Astronomers Have Discovered a Tatooine-Like Star System

Monday, 27 February 2017 - 9:47PM
Astrophysics
Science of Sci-Fi
Monday, 27 February 2017 - 9:47PM
Astronomers Have Discovered a Tatooine-Like Star System
Lucasfilm
It looks like Star Wars may not have taken place so far, far away after all. Scientists have just announced a star system that is very similar to Luke Skywalker's home world of Tatooine, a solid planet orbiting inside a binary star system.

Tatooine of course has two suns, and scientists have known for some time that binary star systems, which contain two stars in orbit together, do exist. However, they previously have not been known to contain any rocky planets like Tatooine, only gas giants similar to Jupiter or Saturn. The new discovery was found in the binary star system SDSS 1557, captured by the Gemini Observatory South telescope and the European Southern Observatory's "Very Large Telescope," both located in Chile.

First announced on February 27 in the scientific journal NatureSDSS 1557 is located about 1,000 light years away and consists of a white dwarf star and a brown dwarf star - which sounds like it could produce one of those glorious Tatooine sunsets. What makes scientists suspect there's potential for a rocky planet is the presence of asteroid debris in the system - the first time such debris has been observed in a binary star system, and a possible sign that rocky planets did exist in the system and were destroyed. So while they haven't discovered a Tatooine-like planet that still exists, they found evidence that one likely existed a long time ago.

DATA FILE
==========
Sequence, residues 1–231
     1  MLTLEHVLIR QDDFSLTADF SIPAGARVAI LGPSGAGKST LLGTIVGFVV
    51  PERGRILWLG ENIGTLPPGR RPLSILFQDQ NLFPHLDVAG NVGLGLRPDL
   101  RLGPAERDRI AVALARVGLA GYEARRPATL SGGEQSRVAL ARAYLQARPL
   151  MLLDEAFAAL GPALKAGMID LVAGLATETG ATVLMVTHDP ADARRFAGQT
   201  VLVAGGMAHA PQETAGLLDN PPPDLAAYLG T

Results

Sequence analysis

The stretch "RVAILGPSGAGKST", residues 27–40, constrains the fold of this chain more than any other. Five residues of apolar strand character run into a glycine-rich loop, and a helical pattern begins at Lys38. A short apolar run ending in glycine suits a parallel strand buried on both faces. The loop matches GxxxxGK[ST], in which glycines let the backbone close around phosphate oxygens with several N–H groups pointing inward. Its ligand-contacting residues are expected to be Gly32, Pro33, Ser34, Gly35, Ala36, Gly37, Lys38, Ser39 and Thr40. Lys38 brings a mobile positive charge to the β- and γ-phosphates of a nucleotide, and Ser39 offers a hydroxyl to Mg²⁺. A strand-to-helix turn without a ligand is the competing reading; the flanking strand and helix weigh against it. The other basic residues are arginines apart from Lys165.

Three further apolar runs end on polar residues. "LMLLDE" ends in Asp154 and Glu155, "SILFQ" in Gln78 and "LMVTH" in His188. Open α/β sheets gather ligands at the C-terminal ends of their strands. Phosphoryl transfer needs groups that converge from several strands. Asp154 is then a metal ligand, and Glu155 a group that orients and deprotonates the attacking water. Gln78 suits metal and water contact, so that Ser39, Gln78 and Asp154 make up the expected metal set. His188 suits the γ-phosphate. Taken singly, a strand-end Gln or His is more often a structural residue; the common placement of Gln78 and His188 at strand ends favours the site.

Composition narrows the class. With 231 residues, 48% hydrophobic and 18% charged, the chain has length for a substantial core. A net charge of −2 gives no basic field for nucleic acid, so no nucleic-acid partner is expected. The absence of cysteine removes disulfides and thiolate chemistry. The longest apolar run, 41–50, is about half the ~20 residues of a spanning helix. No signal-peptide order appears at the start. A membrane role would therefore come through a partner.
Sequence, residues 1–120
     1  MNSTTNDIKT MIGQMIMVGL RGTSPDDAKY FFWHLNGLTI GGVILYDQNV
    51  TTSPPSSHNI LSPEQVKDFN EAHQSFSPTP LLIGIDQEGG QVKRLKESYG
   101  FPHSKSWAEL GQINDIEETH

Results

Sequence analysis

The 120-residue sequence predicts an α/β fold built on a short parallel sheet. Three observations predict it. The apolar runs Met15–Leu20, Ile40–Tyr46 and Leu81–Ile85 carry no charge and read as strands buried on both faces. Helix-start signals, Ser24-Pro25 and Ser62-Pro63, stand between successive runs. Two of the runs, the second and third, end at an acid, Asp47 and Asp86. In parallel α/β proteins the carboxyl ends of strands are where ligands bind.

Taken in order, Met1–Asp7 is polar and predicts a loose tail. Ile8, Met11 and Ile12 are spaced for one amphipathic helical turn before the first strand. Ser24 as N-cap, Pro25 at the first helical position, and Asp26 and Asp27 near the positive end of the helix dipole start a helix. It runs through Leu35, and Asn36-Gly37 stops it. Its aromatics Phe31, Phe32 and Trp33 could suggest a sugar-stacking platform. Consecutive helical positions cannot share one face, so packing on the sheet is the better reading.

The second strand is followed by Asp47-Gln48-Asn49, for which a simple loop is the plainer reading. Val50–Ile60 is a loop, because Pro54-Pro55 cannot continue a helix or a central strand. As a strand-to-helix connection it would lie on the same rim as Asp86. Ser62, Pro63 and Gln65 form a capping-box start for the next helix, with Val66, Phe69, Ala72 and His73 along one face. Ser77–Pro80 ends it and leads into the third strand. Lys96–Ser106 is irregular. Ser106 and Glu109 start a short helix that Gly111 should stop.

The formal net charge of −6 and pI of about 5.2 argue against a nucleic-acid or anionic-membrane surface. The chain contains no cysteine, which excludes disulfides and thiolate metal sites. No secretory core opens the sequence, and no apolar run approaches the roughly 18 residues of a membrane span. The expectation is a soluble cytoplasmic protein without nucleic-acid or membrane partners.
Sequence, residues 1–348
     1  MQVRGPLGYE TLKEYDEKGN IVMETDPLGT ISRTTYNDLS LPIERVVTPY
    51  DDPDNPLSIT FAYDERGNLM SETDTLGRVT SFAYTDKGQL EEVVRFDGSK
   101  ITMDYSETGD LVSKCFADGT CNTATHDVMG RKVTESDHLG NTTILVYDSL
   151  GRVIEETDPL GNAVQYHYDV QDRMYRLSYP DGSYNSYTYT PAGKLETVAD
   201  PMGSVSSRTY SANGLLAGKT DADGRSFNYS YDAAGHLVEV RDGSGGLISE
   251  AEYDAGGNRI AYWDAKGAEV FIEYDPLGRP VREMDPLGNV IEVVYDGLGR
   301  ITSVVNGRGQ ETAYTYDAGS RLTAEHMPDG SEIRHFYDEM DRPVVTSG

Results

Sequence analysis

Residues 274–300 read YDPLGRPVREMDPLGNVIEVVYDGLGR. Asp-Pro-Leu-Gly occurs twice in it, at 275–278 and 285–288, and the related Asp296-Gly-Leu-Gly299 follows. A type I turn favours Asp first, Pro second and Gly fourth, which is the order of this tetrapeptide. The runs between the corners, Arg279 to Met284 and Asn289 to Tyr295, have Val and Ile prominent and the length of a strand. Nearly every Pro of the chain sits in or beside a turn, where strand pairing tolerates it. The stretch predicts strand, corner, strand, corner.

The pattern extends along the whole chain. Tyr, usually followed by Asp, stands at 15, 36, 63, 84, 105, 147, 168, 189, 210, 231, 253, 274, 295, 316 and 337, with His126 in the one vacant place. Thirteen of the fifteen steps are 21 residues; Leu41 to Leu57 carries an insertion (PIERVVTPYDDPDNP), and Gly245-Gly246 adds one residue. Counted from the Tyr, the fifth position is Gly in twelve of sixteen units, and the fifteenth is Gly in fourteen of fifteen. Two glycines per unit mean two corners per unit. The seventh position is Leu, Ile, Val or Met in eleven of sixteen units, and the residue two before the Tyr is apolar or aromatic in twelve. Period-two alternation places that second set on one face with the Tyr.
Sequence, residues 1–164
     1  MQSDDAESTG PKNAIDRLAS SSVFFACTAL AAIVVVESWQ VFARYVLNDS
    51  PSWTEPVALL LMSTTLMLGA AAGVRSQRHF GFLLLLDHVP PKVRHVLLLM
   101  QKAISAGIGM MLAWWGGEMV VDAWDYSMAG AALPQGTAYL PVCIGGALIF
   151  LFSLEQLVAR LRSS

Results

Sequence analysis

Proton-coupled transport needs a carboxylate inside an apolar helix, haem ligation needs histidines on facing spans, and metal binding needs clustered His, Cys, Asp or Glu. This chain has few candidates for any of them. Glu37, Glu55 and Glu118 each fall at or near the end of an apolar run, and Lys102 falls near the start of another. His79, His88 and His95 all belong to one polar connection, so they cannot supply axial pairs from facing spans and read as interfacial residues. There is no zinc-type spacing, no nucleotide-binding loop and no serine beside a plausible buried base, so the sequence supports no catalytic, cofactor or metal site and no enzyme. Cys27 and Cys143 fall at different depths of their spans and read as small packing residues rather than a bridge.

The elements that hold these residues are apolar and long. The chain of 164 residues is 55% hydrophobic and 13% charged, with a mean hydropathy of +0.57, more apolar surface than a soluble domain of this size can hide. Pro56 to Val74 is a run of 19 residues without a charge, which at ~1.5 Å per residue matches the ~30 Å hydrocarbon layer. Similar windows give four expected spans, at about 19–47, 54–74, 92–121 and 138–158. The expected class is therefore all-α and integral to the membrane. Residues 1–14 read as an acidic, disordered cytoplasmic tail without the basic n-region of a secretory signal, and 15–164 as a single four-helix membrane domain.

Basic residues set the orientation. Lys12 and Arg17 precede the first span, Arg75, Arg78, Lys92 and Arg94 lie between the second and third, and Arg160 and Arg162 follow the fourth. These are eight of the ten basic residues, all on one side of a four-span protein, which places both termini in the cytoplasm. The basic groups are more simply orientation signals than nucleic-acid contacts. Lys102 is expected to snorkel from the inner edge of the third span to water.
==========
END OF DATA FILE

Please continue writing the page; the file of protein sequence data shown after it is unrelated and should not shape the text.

It's also a significant find because planet formation is still a topic we don't know much about, and how easily a planet could even form in systems with multiple stars was a subject of some debate. According to the study's lead author, Dr. Jay Fahiri:
Opening quote
"Building rocky planets around two suns is a challenge because the gravity of both stars can push and pull tremendously, preventing bits of rock and dust from sticking together and growing into full-fledged planets. With the discovery of asteroid debris in the SDSS 1557 system, we see clear signatures of rocky planet assembly via large asteroids that formed, helping us understand how rocky exoplanets are made in double star systems."
Closing quote


While we don't think scientists are going to discover any moisture farms in the system, SDSS 1557 still represents a pretty cool discovery. And anything that makes Star Wars seem a little more real is the type of scientific discovery we can get behind.

via GIPHY



Via: Inverse
Science
Space
Astrophysics
Science of Sci-Fi